Trump sends lieutenants to Pakistan with tough message

This file photo taken on August 22, 2017 shows US Secretary of State Rex Tillerson pauses before speaking during a briefing at the Department of State in Washington, DC. (AFP)
Updated 07 October 2017
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Trump sends lieutenants to Pakistan with tough message

WASHINGTON: President Donald Trump will dispatch his top diplomatic and military advisers to Pakistan in the coming weeks, turning up the heat on a nuclear-armed ally accused of harboring terror groups.
Weeks after Trump angrily accused Islamabad of providing safe haven to “agents of chaos,” Secretary of State Rex Tillerson plans to depart for Pakistan late this month.
He will be followed by Secretary of Defense Jim Mattis, according to US and Pakistani sources.
The one-two punch is designed to drill home Trump’s message that Pakistani state support for jihadist groups has to end, according to officials briefed on the visits.
Washington has long been frustrated by Pakistan’s willingness to offer cross-border safe havens to Taliban factions and armed Islamist groups fighting US troops and their Afghan allies.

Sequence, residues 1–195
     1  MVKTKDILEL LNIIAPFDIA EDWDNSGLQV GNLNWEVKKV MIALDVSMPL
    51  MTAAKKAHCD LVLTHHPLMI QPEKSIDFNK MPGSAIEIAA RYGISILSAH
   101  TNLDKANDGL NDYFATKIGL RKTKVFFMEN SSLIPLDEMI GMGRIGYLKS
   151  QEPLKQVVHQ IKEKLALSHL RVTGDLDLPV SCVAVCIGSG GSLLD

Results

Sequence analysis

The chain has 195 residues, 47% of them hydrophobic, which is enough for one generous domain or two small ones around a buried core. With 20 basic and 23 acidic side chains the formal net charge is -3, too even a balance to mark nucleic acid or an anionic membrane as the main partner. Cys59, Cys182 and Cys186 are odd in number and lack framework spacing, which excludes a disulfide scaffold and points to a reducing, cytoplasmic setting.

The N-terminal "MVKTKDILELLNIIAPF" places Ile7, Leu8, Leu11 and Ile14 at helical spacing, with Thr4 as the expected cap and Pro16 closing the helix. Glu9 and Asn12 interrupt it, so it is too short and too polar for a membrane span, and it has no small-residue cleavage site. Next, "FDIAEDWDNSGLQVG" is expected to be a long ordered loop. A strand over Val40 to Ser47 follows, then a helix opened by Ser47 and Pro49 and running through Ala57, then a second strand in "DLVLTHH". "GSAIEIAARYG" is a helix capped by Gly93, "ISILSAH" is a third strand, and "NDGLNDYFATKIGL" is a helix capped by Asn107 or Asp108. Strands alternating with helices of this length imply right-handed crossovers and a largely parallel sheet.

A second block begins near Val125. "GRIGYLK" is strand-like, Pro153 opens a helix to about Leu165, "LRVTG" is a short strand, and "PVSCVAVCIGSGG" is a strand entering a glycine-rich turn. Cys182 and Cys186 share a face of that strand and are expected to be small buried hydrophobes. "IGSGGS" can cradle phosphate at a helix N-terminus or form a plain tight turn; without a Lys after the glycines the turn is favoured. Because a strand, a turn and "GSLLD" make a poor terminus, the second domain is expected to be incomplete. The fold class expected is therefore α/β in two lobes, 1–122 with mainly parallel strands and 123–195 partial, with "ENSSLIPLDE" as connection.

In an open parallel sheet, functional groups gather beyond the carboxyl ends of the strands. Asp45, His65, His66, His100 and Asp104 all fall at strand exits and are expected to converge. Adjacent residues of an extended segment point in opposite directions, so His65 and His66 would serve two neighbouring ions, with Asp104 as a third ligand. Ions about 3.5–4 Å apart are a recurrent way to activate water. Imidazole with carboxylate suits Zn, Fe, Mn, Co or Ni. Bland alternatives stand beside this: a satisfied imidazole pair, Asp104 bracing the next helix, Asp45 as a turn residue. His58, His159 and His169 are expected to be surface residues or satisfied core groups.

The relationship reached the breaking point in 2011, when president Barack Obama sent commandos into Pakistan in 2011 to kill Al-Qaeda leader Osama Bin Laden, who was living in a military garrison town.
With little change since then, Trump came to office indicating that Washington’s frustration had reached the point where something had to give.
“We have been paying Pakistan billions and billions of dollars at the same time they are housing the very terrorists that we are fighting,” he said an August address.
But in the six weeks since Trump signaled that tougher tone, there have been precious few signs that the calculus in South Asia has changed.
Mattis told Congress this week that he will try “one more time” to “see if we can make this work.”

“To this point, we have not seen any impact on military-to military-relations,” said one Pentagon official, suggesting any change would not happen after Mattis’ visit.
Visiting Washington, Pakistan’s foreign minister Khawaja Asif appeared unwavering.
He lashed out at “hollow allegations” about Pakistan harboring terrorists as “not acceptable.”
“That is not the way you talk to 70-year-old friends,” Asif said bitterly.
“Instead of accusations and threats we should cooperate with each other for the peace in the region,” he said while confirming Tillerson’s visit.
While professing anger in public, Pakistani officials in private complain about receiving no concrete requests to target the Haqqani network or other groups.